The first question anyone asked me when I said I was going to volunteer to help in an Armenian orphanage was where is Armenia? This is easy to answer-
(Volunteers take a group photo with the children in the orphanage in
As I arrived at the orphanage I realised that the only problems I had were not tripping up on pavements in need of repair or else falling into holes in the roads especially after dark!
The orphanage was situated 15km outside the capital
One of the aims of the organisation was to promote intercultural learning and understanding by offering young people from different backgrounds the opportunity to work together. Well this certainly was the case as I was the only English person, although all the volunteers spoke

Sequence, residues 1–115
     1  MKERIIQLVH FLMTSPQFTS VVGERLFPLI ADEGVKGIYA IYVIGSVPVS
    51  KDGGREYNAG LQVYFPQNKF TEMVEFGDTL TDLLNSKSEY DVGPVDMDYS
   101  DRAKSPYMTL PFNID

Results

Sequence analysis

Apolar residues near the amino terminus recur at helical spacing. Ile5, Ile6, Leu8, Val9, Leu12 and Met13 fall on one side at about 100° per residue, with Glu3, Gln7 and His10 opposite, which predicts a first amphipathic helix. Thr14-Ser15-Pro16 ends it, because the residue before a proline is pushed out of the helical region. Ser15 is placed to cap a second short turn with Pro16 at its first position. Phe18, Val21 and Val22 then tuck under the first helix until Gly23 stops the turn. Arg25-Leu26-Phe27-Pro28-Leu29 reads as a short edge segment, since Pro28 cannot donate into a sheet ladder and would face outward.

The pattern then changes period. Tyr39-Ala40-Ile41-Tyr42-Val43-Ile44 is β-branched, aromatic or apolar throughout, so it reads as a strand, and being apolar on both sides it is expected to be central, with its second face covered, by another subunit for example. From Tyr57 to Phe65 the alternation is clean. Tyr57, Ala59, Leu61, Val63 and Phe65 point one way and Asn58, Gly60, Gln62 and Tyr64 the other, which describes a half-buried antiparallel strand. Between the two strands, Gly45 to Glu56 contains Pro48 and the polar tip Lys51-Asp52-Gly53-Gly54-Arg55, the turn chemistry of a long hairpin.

their own versions of English! At first this was a little overwhelming but I quickly got used to speaking slowly and interpreting what they mean.
I actually found this one of the highlights of the
experience as it taught me about the differences in our countries but how we are all fundamentally the same. After all I now have friends in
Volunteering was an amazing experience, there is no other way you can be certain that your
charitable donations will not end up in some corrupt politicians pocket and you can really see that you are making a difference to peoples lives; not only that, without knowing it they are also making a difference to your life.
So, next year, will I go on a luxury package holiday or volunteer again? Well that’s easily answered, how else except volunteering are you going to see the real heart of the country you are visiting?
Claire Atkins (July 2005)